§ 16. Mr. Russell
asked the Minister of Transport if he will make a statement on the declaration signed by the United Kingdom and certain European countries approving proposals for building new international roads; and if he will state how far the proposals will extend to the United Kingdom and what will be the cost.
§ Mr. Barnes
This declaration was signed at Geneva on 16th September, 1950. It has annexed to it a list of international through roads proposed for eventual construction or improvement in order to raise the efficiency of road communications in Europe, together with a statement of minimum standards to which these roads should conform. The list includes certain British roads, such as those from London to Southampton, Folke, stone, Dover and Harwich. The standards are no higher than those already accepted as desirable for our principal highways and the declaration involves no actual commitment since it specifically states that the work can be undertaken only "within the framework of Governments' national programmes for public works or within the possibilities of international financing."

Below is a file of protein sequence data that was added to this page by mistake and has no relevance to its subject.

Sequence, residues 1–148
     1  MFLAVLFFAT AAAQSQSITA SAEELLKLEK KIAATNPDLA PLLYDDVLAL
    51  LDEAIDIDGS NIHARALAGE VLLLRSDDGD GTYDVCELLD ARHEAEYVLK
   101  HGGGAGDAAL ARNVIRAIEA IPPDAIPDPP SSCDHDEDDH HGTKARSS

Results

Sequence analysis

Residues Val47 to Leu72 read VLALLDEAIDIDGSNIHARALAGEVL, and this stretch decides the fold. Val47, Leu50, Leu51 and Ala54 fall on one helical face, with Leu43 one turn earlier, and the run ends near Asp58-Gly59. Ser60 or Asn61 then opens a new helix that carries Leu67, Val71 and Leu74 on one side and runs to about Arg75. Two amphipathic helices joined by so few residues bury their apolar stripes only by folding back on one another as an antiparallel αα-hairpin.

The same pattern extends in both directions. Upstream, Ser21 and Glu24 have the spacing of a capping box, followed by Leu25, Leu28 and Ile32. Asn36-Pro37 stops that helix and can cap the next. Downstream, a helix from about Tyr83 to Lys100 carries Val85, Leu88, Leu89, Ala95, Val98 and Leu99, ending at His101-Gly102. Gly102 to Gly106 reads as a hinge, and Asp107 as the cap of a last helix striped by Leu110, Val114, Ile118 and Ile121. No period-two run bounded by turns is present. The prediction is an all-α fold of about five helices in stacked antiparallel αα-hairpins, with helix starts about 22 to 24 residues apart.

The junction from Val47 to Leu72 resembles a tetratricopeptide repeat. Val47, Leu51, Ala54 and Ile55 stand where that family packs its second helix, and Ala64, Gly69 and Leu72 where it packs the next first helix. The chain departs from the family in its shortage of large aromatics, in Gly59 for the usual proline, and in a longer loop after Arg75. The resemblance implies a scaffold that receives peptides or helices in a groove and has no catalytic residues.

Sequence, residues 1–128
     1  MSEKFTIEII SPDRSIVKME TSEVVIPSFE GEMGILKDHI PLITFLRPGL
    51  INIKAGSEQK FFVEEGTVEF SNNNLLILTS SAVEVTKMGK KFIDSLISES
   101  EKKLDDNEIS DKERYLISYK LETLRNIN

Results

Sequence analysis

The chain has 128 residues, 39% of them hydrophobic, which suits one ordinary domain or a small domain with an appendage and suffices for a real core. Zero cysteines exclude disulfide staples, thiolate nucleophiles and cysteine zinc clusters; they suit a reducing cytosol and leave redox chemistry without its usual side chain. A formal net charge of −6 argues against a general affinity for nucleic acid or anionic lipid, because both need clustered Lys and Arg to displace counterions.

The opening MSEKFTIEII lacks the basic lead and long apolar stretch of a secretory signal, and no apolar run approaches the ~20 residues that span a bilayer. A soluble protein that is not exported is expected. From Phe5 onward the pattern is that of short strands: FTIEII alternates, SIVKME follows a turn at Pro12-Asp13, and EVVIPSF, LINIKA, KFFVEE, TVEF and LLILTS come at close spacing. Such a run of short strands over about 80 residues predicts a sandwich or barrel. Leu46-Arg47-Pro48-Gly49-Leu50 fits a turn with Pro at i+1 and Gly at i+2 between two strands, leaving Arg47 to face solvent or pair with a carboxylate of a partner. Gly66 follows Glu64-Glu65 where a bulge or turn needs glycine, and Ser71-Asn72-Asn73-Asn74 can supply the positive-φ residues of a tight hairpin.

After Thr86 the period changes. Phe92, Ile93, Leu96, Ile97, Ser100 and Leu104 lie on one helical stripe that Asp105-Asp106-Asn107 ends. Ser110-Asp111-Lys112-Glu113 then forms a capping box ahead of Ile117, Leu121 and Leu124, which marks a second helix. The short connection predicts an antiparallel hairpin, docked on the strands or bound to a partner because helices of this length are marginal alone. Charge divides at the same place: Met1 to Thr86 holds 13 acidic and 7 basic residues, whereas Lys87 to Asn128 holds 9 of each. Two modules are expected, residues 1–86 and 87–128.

§ Mr. Russell
Can the right hon. Gentleman say when any of the improvements on the British roads which he has listed will be carried out? Some roads, particularly the London—Southampton road, are every narrow indeed.
§ Mr. Barnes
The standards for international roads are not higher than those generally prevailing. On the other hand, I have not attempted to evade the fact, in answer to questions on this matter, that at present, owing to financial restrictions, possibly we are not maintaining our roads at the standard we should like. As soon as more funds are available those arrears will be overtaken.
§ Sir Ralph Glyn
Can the right hon. Gentleman assure the House that in view of the enormous commitments, financial and otherwise, connected with rearmament it is very unlikely that we can proceed with these general schemes?